Depression and Aggression in Family Interaction

By Gerald R. Patterson | Go to book overview

approximately 40% of the variance was accounted for. When maternal self- report was used for all indicators (i.e., criterion as well as predictor constructs), there was a strong fit of the model to the data and substantial criterion variance (approximately 40%) was again accounted for. This result was consistent with expectations.

Taken together, this series of analyses was interpreted as illustrating several major points: first, in terms of external validity--and we mean across dependent measures as well as across populations--constructs defined by multiagent and multimethod indicators are far more likely to continue to demonstrate predictive validity than constructs defined by single methods and agents; and second, at least with self-report data, monomethod operational definitions can provide models with good internal validity. This second point carries greater import than may be initially obvious. For example, although a mother's self-report may be distorted (see Dawes, 1985), her "life portrait" is likely to be a coherent one. A mother's view of her child's behavior is bound to influence the child, regardless of whether or not others share her view. In the clinical arena, the mother's perspective may indeed be what needs to be addressed. Her view may be of overriding importance for the family.

There is much work yet to be accomplished in this area, but for the first time since Campbell and Fiske introduced the multitrait-multimethod matrix, there appears to be a growing number of technical tools to help in understanding the impact of method variance on our work as social scientists.


ACKNOWLEDGMENTS

Support for this project was provided by Grant No. HD 22679, NICHD Center for Research for Mothers and Children; Grant No. MH 38318, NIMH Mood, Anxiety and Personality Disorders Research Branch; and Grant No. MH 37940, NIMH Center for Studies of Antisocial and Violent Behavior.

The writers gratefully acknowledge the helpful comments by P. M. Bentler, R. Dawes, M. Stoolmiller, and J. Tanakaon previous drafts of this manuscript.


REFERENCES

Bentler P. M. ( 1980). Multivariate analysis with latent variables: Causal modeling. Annual Review of Psychology, 31, 419-455.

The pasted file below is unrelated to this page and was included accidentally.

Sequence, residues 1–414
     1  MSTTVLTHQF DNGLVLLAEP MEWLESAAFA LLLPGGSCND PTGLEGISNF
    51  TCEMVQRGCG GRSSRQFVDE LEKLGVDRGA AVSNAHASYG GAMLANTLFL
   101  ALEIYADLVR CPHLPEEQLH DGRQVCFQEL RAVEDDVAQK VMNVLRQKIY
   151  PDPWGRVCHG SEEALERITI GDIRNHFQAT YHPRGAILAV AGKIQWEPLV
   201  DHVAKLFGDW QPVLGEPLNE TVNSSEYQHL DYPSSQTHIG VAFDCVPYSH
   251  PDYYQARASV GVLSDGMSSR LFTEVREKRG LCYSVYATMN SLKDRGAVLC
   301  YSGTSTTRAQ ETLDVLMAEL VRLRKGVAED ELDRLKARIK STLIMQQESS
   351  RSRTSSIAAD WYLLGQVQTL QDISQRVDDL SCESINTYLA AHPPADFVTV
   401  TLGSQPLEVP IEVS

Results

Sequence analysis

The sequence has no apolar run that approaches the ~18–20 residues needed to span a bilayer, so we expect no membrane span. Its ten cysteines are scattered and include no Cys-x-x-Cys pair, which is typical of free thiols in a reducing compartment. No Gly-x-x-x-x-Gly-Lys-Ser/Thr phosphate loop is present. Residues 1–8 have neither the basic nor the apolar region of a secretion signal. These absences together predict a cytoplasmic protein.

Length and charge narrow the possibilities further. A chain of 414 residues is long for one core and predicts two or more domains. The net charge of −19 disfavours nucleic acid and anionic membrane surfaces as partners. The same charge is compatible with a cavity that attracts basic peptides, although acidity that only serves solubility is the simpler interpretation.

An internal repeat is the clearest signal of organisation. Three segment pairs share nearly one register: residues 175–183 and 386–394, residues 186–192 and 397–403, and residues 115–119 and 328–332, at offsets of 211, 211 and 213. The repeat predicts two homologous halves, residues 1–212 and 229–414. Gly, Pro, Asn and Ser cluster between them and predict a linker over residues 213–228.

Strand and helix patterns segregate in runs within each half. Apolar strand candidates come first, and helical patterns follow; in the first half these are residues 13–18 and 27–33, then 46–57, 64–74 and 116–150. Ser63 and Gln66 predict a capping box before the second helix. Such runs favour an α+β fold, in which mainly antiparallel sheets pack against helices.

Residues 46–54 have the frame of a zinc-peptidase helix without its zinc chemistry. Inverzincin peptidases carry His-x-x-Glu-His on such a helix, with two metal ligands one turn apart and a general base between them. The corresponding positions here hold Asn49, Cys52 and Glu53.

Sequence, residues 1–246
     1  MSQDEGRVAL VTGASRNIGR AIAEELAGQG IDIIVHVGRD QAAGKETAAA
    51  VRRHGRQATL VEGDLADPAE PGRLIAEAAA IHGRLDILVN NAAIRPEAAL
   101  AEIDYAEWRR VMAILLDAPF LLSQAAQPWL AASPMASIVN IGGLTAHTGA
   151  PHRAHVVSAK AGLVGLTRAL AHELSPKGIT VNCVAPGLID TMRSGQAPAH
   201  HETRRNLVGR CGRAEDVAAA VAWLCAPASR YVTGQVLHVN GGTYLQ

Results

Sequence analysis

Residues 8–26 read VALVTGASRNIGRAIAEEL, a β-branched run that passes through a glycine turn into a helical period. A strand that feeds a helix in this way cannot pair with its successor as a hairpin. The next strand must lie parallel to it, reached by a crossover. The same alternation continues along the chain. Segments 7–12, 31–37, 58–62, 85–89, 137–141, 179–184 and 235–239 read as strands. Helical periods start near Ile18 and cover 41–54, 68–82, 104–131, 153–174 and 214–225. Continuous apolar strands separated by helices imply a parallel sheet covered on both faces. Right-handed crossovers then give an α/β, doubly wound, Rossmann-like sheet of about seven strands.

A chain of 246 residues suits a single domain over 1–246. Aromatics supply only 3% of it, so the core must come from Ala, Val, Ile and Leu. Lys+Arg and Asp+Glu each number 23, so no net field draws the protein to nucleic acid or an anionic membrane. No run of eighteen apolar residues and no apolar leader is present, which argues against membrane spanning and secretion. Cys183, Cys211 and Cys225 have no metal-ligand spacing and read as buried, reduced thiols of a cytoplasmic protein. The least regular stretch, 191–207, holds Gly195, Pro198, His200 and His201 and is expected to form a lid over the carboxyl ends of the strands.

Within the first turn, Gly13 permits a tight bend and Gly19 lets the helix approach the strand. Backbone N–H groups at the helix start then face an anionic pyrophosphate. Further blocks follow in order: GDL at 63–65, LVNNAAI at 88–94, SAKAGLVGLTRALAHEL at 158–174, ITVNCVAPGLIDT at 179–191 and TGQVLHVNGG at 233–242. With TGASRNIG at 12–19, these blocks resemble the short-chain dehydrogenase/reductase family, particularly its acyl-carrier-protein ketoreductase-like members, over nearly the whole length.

Cairns R. B., & Green J. A. ( 1979). How to assess personality and social patterns: Observations or ratings? In R. B. Cairns (Ed.), The analysis of social interactions: Methods, issue, and illustrations. Hillsdale, NJ: Lawrence Erlbaum Associates.

Campbell D. T., & Fiske D. W. ( 1959). Convergent and discriminant validation by the multitrait- multimethod matrix. Psychological Bulletin, 56, 81-105.

Carnap R. ( 1956). The methodological character of theoretical concepts. In H. Feigl & M. Scriven

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Depression and Aggression in Family Interaction
Table of contents

Table of contents

  • Title Page iii
  • Contents v
  • Preface xi
  • References xiv
  • 1: The Family Research Consortium: At the Crest of a Major Wave? 1
  • 2: Developmental Epidemiological Framework for Family Research on Depression and Aggression 11
  • References 46
  • 3: Methodological Issues in the Study of Family Violence 49
  • Conclusion 70
  • Acknowledgments 71
  • References 72
  • 4: How Marriages Change 75
  • ACKNOWLEDGMENT 99
  • References 100
  • 5: A Contextual Approach to the Problem of Aversive Practices in Families 103
  • Conclusion 123
  • ACKNOWLEDGEMENTS 124
  • References 124
  • 6: Statistical Methods for Analyzing Family Interaction 131
  • Summary 165
  • Acknowledgments 165
  • References 166
  • 7: Family Environments of Depressed and Well Parents and Their Children: Issues of Research Methods 169
  • Conclusion 182
  • Acknowledgments 183
  • References 183
  • 8 - Maternal Depression, Marital Discord, and Children's Behavior: A Developmental Perspective 185
  • Acknowledgments 204
  • References 204
  • 9: Initiation and Maintenance of Process Disrupting Single- Mother Families 209
  • Acknowledgments 242
  • References 243
  • 10: Method Variance in Structural Equation Modeling: Living with "Glop" 247
  • References 276
  • 11: Reflections: A Conceptual Analysis and Synthesis 281
  • References 312
  • Author Index 315
  • Subject Index 325
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